The values meeting the threshold criteria are preferably set S12 to zero or alternatively to substantially zero. These values are substituted S14 for the values in the magnitude image and the new values are used when reverse transforming back to an original spatial image with the noise removed, and the program is ended S16. The image 10 with the noise 20 removed is illustrated in FIG. 5.

It is instructive to note that the noise detected and/or removed may be, but not limited to, any fixed cosmetic artifact provided by the image sensor such as grouping of defects in a column, row, or cluster of pixels. Furthermore, a cluster defect represents a grouping of two or more defective pixels in any contiguous pattern. Other artifacts consist of image streaks or shading or any other fixed background pattern.

Referring to FIG. 6, there is shown a digital camera 30 having the software program 40 of the present invention installed therein for detecting and removing noise after image capture.

Additional processing of the magnitude image may be performed prior to comparing its values to one or more threshold values. The following is an example of additional processing of the magnitude image prior to applying a threshold to improve streak detection. In these examples, an area image sensor with dimension M×N is illuminated with uniform light. The image data f(x,y) from the image sensor is an M×N array of voltages, one for each pixel from the image sensor.

The two-dimensional DFT of an image f(x,y) of size M×N is given by the equation

F ( u , v ) = 1 MN x = 0 M - 1 y = 0 N - 1 f ( x , y ) - j2π ( nx / M + vy / N ) ,
and the magnitude image equals the absolute value of F(u,v).

In order to speed up the DFT calculation, a variant of DFT called fast Fourier transform (FFT) was developed in 1965. The requirement for utilizing the FFT algorithm is the x and y dimensions must each be a power of 2, such as 256×256, 512×512, 256×512, and 1024×1024. If the image size is not perfect power of 2, zero or average padding is needed. In this example, a 1024×1024 window region of interest is selected.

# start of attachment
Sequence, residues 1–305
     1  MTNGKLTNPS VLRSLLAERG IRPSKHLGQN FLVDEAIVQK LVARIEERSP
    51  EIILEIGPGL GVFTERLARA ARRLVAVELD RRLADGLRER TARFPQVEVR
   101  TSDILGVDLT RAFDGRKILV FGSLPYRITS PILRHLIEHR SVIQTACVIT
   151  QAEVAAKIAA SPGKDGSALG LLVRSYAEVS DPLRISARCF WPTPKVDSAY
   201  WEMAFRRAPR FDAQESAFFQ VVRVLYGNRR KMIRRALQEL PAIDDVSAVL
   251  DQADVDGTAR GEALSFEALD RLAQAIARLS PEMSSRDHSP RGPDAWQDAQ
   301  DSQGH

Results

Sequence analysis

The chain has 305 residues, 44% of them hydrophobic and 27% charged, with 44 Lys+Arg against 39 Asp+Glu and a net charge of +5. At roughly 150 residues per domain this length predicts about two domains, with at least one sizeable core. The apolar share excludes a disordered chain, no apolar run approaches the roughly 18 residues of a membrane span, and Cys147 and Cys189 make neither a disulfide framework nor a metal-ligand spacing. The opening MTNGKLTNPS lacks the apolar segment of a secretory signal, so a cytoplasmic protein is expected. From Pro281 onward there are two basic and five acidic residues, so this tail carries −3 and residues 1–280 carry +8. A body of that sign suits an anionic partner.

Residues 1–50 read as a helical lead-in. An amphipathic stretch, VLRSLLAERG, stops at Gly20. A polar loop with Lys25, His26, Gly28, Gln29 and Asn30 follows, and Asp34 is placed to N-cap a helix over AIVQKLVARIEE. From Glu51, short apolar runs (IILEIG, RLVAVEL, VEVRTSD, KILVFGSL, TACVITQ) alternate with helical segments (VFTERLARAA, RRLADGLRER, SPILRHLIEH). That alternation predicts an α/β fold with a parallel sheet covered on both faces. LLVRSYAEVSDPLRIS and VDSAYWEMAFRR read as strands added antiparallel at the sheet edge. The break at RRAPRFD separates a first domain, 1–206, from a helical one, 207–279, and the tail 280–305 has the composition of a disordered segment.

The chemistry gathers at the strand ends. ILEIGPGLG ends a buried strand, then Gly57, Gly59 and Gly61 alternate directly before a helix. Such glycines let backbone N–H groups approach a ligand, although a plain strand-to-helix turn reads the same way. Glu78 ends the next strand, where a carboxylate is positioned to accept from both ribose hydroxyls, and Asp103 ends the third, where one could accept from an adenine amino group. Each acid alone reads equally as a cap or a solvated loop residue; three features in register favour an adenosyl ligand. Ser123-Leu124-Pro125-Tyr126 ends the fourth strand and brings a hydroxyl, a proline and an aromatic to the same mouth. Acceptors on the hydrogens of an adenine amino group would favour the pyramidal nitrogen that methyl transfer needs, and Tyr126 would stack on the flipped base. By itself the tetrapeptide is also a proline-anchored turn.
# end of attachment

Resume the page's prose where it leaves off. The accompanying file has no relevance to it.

After the FFT of the image is obtained, the pixel in the frequency domain that represents the average value in the original image is set to zero. Then a logarithm transform is applied to the magnitude image to boost the low magnitudes of peaks related to various frequencies. The transform is given by
S(u,v)=ln(1+|F(u,v)|)
where F is the original magnitude image value and S the transformed value.

In order to detect a streak, the algorithm compares all the values of S(u,v) with one or more threshold values in two adjacent quadrants around the center value in a group of u and v ranges, defined as the selected window. In this case, the two quadrants are those with positive values for v, (the first quadrant is the top left and the other one is the top right.) The other two quadrants are not used because they are the mirror images of the selected quadrants. The values of S(u,v) in the selected window that are larger than the threshold value are defined as thresholded values. In this example, the threshold value is the median value of S(u,v) in the quadrant. Then a linear regression of these thresholded values is performed based on the theory that a line should be present in the S(u,v) data which is perpendicular to the streak in the original captured image. The linear regression calculates a coefficient of correlation, R, which is compared with a pre-defined threshold value RT. If R from the linear regression is greater than the predefined threshold value RT, then the streak is detected, and the angle of the streak is calculated based on the equation
angle=a tan(slope)
where the slope is calculated from the linear regression.

Similar detection of repetitive row or column noise can be performed by comparing values of S(u,v) with a threshold value. A repetitive row noise is detected by comparing values of S(0,v) with a threshold value. A repetitive column noise is detected by comparing values of S(u,0) with a threshold value.

The invention has been described with reference to a preferred embodiment. However, it will be appreciated that variations and modifications can be effected by a person of ordinary skill in the art without departing from the scope of the invention.

PARTS LIST

  • 10 Image
  • 20 Noise
  • 30 Digital Camera
  • 40 Software Program
  • S2 Flowchart Step
  • S4 Flowchart Step
  • S6 Flowchart Step
  • S8 Flowchart Step
  • S10 Flowchart Step
  • S12 Flowchart Step
  • S14 Flowchart Step
  • S16 Flowchart Step
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Classifications
U.S. Classification382/232
International ClassificationG06K9/46
Cooperative ClassificationG06K9/40, G06K9/522
European ClassificationG06K9/52A, G06K9/40
Legal Events
DateCodeEventDescription
Mar 18, 2013FPAYFee payment
Year of fee payment: 4
May 5, 2011ASAssignment
Free format text: ASSIGNMENT OF ASSIGNORS INTEREST;ASSIGNOR:EASTMAN KODAK COMPANY;REEL/FRAME:026227/0213
Owner name: OMNIVISION TECHNOLOGIES, INC., CALIFORNIA
Effective date: 20110415
Jul 13, 2005ASAssignment
Owner name: EASTMAN KODAK COMPANY, NEW YORK
Free format text: ASSIGNMENT OF ASSIGNORS INTEREST;ASSIGNORS:ARCHER, GREG L.;MEISENZAHL, ERIC J.;NICHOLS, DAVID N.;AND OTHERS;REEL/FRAME:016780/0819
Effective date: 20050713
Owner name: EASTMAN KODAK COMPANY,NEW YORK
Free format text: ASSIGNMENT OF ASSIGNORS INTEREST;ASSIGNORS:ARCHER, GREG L.;MEISENZAHL, ERIC J.;NICHOLS, DAVID N. AND OTHERS;US-ASSIGNMENT DATABASE UPDATED:20100302;REEL/FRAME:16780/819